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CUNA's Hampel Makes Press Rounds on Improving Economy
Wednesday, November 12, 2014 6:35 AM

The Bureau of Labor Statistics reported Friday that the job market added 214,000 jobs in October and that the unemployment rate fell to a recession low of 5.8 percent. The Washington Post contacted Credit Union National Association Chief Policy Officer/Chief Economist Bill Hampel to get his take on the latest developments.

"What we're seeing in the labor market, it's not totally recovered yet, but it's recovering quite nicely now," Hampel told The Post (Nov. 7).

While hiring was below analysts' expectations, the shortfall was offset by upward revisions to August and September job-add data. The revisions made October the ninth-straight month the economy added more than 200,000 jobs.

Retail and health care saw the greatest increases in job growth for the month, and the share of working Americans climbed to its highest level since July 2009, at 59.2 percent, The Post reported.

The Wall Street Journal (Nov. 7) also picked up Hampel's breakdown of the job market in its Money Beat section's roundup of data and commentary, published each time the jobs report is released. Hampel gave his thoughts on why wage growth may continue to stall despite the falling unemployment rate.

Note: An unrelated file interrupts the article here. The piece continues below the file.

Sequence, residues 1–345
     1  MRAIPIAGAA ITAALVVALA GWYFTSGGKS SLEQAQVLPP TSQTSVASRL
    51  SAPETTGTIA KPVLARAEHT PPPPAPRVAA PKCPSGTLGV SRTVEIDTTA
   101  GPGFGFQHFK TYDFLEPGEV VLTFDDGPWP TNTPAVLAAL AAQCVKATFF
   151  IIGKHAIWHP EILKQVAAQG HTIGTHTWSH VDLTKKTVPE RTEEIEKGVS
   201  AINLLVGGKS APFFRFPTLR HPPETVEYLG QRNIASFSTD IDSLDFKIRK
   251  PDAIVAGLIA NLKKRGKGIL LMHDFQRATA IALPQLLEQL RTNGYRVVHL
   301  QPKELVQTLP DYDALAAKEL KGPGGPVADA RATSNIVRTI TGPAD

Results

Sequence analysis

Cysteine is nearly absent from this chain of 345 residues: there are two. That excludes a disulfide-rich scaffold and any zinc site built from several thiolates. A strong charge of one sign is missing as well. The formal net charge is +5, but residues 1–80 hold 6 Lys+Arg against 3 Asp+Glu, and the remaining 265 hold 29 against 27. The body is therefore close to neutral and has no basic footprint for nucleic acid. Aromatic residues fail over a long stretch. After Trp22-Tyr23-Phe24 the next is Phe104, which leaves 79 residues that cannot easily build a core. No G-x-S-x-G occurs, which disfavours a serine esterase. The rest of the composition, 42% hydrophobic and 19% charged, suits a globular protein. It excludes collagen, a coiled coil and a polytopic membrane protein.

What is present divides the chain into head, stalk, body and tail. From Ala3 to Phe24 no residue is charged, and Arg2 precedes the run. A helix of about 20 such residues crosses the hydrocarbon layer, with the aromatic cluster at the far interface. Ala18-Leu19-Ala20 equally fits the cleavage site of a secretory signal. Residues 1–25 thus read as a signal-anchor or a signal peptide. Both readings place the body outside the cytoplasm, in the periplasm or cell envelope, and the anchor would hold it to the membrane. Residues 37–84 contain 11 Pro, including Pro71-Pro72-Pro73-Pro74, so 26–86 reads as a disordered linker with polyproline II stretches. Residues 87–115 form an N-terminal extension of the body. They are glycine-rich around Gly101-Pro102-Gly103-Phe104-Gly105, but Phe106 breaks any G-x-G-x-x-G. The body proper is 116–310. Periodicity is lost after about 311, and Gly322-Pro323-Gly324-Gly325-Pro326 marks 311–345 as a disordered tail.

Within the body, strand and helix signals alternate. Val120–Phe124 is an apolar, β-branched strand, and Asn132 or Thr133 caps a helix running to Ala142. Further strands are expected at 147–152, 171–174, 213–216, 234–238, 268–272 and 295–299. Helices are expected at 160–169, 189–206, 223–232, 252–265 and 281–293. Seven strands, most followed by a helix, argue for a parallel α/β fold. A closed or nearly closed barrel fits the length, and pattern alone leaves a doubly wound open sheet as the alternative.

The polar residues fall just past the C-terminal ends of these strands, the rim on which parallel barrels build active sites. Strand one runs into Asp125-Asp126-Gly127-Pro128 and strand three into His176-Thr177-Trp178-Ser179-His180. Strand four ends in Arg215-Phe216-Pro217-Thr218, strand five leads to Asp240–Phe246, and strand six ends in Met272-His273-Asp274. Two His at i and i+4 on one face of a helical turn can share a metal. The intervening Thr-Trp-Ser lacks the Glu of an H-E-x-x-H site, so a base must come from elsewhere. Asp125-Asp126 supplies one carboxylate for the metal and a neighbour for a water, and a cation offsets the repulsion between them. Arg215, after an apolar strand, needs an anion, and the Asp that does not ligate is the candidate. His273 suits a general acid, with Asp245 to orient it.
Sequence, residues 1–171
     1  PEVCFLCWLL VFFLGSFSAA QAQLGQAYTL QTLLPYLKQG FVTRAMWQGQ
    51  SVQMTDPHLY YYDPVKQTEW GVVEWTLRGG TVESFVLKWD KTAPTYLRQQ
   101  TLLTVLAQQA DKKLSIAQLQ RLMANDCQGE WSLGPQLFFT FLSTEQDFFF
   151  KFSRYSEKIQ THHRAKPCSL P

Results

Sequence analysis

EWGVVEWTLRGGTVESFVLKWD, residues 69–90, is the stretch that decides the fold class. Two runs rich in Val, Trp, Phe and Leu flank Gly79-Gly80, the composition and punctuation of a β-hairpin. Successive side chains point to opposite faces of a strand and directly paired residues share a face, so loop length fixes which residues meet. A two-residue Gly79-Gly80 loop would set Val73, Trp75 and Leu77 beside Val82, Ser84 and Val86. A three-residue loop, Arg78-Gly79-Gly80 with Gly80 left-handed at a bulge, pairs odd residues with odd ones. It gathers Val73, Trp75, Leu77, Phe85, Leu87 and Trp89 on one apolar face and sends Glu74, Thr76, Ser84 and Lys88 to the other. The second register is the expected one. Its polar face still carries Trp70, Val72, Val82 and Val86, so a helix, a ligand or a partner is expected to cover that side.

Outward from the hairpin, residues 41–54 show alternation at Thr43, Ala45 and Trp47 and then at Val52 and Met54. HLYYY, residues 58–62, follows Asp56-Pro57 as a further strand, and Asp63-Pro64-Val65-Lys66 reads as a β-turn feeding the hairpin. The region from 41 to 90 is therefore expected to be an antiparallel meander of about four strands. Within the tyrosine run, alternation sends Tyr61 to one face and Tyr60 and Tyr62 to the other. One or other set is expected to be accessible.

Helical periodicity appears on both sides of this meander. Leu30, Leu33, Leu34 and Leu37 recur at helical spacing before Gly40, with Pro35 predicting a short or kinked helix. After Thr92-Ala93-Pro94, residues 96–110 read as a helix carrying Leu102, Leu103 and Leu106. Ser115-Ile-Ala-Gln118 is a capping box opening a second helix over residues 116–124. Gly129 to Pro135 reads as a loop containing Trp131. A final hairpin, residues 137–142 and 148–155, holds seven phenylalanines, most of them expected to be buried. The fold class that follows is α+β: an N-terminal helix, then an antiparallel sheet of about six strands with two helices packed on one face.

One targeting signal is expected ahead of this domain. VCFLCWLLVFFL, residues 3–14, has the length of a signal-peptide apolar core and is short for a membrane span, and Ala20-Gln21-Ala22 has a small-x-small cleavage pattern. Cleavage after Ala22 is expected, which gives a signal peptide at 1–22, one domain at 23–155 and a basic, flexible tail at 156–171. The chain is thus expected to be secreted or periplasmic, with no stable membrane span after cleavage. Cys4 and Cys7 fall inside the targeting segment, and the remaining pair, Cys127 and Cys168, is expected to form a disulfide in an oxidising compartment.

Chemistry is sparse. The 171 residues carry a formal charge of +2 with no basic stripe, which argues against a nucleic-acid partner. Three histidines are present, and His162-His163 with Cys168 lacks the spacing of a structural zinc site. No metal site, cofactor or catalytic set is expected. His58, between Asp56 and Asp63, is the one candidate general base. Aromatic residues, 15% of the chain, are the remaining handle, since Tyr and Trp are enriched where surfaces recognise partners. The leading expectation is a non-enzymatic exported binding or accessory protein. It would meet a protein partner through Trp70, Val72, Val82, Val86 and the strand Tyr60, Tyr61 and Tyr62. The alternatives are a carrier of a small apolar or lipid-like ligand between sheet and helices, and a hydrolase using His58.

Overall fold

"There's a reserve army of underemployed and discouraged workers out there," Hampel said, alluding to the fact that the share of Americans working or looking for work is the smallest since the 1970s. "We're not as close to full employment" as a 5.9 percent overall jobless rate may suggest.

Hampel's analysis was also featured in an article by The Fiscal Times about the potential for mortgage rates to climb in the coming months.

The decision by the Federal Reserve to curb its trillion-dollar bond-buying program has already spurred an uptick in mortgage rates. Rates had reached near-recession lows last month, setting off a wave of refinancing activity. But that opportunity may not last, Hampel told The Fiscal Times (Nov. 7).

"The window for refinancing may not be open for that long," Hampel said.

The Mortgage Bankers Association forecasted that rates will climb to 5.1 percent by the end of 2015 and 5.8 percent by the end of 2016, according to The Fiscal Times, which went on to detail how consumers can determine whether refinancing now makes sense.

If it would take less than three years to recoup all closing costs associated with the refinance, and the consumer plans to remain in the house for more than five years, it's probably a "no-brainer" to refinance, Hampel said.